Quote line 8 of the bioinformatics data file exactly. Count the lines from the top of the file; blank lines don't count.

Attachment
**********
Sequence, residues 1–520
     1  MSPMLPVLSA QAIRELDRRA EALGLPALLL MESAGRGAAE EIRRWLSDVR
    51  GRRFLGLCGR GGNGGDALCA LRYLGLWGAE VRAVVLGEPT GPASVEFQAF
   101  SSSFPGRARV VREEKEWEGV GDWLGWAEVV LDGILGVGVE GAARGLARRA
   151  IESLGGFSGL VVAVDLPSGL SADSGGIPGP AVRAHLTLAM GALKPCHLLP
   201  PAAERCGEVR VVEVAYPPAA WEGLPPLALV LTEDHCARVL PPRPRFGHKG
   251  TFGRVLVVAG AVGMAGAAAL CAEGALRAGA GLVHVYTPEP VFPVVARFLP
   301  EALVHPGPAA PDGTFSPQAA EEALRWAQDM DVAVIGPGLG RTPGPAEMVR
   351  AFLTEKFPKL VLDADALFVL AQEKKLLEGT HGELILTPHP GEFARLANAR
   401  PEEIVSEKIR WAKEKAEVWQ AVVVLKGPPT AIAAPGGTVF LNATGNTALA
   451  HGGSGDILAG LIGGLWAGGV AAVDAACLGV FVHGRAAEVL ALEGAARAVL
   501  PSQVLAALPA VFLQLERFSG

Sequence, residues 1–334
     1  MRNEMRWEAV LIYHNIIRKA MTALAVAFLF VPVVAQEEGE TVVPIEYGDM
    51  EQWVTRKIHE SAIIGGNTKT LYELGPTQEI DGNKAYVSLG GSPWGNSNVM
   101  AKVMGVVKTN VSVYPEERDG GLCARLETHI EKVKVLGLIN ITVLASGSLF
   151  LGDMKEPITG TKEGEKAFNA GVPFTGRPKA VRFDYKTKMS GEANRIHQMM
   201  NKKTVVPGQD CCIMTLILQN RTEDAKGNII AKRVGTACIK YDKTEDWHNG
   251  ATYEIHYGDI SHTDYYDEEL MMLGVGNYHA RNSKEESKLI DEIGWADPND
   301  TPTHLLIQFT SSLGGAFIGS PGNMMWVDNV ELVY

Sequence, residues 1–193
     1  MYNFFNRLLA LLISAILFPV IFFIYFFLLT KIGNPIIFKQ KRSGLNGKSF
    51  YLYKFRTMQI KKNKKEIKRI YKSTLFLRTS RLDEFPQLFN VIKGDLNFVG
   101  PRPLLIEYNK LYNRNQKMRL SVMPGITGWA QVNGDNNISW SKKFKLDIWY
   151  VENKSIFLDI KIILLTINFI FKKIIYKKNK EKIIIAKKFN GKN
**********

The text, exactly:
   301  EALVHPGPAA PDGTFSPQAA EEALRWAQDM DVAVIGPGLG RTPGPAEMVR